Trends presents... chapters prepared by its collaborators and in a series of monographs
separately published the scientific results of its researchers. The chapters and
monographs are prepared with the primary purpose of revealing major social questions.
They present records, not opinions; such substantial stuff as may serve as a basis for
social action, rather than recommendations as to the form which action should take.
As a scientific undertaking the researchers in general have been limited to fields where
records are available. In preparing certain of the chapters, notably that on the arts,
continuous records proved very scarce; for some of the chapters, such as that on social
attitudes and interests, it was necessary to make extensive collections of data not
previously recorded; for others, especially those on population and the utilization of
natural wealth, the abundance of data in one or more parts of the field led rather to
problems of exclusion and selection.
The scope of the researches was made as broad as feasible not only in order to yield a
picture of changing society in the United States, but also to provide a framework within
which emerging problems might be seen in their due relations. Other studies, such as
those of the presidential Committee on recent Economic Changes and the various White
House conferences have been drown upon, not duplicated, and the schedule of investigation
and publications was so arranged as to enable the collaborators to use the results of the
decennial census of 1930 and of various other surveys, governmental and private which
were in progress during the life of the work.
The investigators were recruited with the advice of officers of the Social science
Research Council, of universities and other scientific institutions. Frequent progress
reports were made by them and staff conferences were held from time to time as the
researchers progressed. Preliminary drafts of chapters were submitted for criticism as to
accuracy and freedom from bias. In published form the chapters represent not only a
treatment of the factors of social change, but an attempt to coordinate and integrate the
evidence into a useful whole.
Certain topics are excluded because for one reason or another they could not be fitted
into the Committee's scheme. The current business depression is not explained. Much of
the basic materials upon economic changes have been treated in recent publications.
Little is said about the fateful issue of war and peace, although the financial costs of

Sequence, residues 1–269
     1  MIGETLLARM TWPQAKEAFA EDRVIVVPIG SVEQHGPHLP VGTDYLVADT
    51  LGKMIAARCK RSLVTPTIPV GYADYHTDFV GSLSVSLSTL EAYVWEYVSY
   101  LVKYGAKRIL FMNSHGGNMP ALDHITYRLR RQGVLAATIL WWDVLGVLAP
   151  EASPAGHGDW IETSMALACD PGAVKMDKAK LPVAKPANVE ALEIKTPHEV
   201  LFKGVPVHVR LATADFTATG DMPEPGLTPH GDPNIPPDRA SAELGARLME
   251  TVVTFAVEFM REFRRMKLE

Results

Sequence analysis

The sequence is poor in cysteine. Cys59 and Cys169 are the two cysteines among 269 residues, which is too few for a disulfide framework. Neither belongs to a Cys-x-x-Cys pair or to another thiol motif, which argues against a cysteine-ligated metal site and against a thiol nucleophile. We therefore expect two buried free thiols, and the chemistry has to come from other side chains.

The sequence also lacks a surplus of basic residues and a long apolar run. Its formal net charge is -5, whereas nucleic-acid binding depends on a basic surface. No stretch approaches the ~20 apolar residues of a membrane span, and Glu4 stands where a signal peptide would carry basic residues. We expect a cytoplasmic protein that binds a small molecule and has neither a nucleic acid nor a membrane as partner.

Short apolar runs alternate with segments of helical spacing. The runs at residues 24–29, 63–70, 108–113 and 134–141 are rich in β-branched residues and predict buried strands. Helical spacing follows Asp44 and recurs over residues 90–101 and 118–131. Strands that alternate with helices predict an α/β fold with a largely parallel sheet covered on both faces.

past wars are set out in the chapters on the functions of government and on taxation.
Though foreign developments -intellectual, political, economic and social -have exercised
a many sided influence upon American trends since 1900, they are mentioned only here and
there. There is no chapter on the growth of scientific knowledge in general, or of social
science and social research in particular.
A 75 page summary and review of findings for which the Committee takes the responsibility
is carried in Volume I, preceding 29 detailed chapters. The problems of social change are
presented in the summary under three groupings: Problems of physical heritage; Problems
of biological heritage; Problems of social heritage.
In addition to the two volume report described above, twelve monographs were published to
present fuller data on certain specific trends: population; communication agencies;
education; metropolitan communities; rural communities; races and ethnic groups;
political, social, and economic activities of women; recreation (Americans at play); the
arts; health and environment; public administration; growth of the federal Government
-1915-1932. A monograph on Labor in the National Life was announced but was never
completed for publication."
Scope and Content
The documents in this collection consist almost exclusively of the committee's findings,
in the form of typescript and mimeographed copies of twenty-six of the twenty-nine final
The papers of the executive secretary Edward Eyre Hunt were also sent to the Hoover
Archives, and constitute a separate collection under his name. The material relating to
the President's Research Committee on Social Trends can be found in Boxes 20-27, and
consist of correspondence, memoranda, minutes, proceedings, and reports.